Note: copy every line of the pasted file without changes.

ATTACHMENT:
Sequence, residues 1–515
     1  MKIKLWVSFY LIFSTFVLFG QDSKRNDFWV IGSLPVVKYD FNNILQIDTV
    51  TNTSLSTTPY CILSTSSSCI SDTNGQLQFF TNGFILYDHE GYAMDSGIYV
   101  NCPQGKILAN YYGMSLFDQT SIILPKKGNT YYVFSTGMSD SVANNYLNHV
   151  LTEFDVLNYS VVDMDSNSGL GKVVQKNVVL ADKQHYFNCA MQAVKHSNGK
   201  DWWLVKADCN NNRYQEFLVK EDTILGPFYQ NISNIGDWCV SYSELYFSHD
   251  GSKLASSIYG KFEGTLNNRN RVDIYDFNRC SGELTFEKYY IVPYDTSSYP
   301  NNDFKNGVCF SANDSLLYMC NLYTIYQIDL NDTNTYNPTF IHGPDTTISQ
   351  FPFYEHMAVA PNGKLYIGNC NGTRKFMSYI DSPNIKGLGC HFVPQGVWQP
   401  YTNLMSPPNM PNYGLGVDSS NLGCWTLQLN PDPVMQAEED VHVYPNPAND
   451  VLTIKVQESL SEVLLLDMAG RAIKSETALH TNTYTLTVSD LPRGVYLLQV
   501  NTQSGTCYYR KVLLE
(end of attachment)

Sequence, residues 1–515
     1  MKIKLWVSFY LIFSTFVLFG QDSKRNDFWV IGSLPVVKYD FNNILQIDTV
    51  TNTSLSTTPY CILSTSSSCI SDTNGQLQFF TNGFILYDHE GYAMDSGIYV
   101  NCPQGKILAN YYGMSLFDQT SIILPKKGNT YYVFSTGMSD SVANNYLNHV
   151  LTEFDVLNYS VVDMDSNSGL GKVVQKNVVL ADKQHYFNCA MQAVKHSNGK
   201  DWWLVKADCN NNRYQEFLVK EDTILGPFYQ NISNIGDWCV SYSELYFSHD
   251  GSKLASSIYG KFEGTLNNRN RVDIYDFNRC SGELTFEKYY IVPYDTSSYP
   301  NNDFKNGVCF SANDSLLYMC NLYTIYQIDL NDTNTYNPTF IHGPDTTISQ
   351  FPFYEHMAVA PNGKLYIGNC NGTRKFMSYI DSPNIKGLGC HFVPQGVWQP
   401  YTNLMSPPNM PNYGLGVDSS NLGCWTLQLN PDPVMQAEED VHVYPNPAND
   451  VLTIKVQESL SEVLLLDMAG RAIKSETALH TNTYTLTVSD LPRGVYLLQV
   501  NTQSGTCYYR KVLLE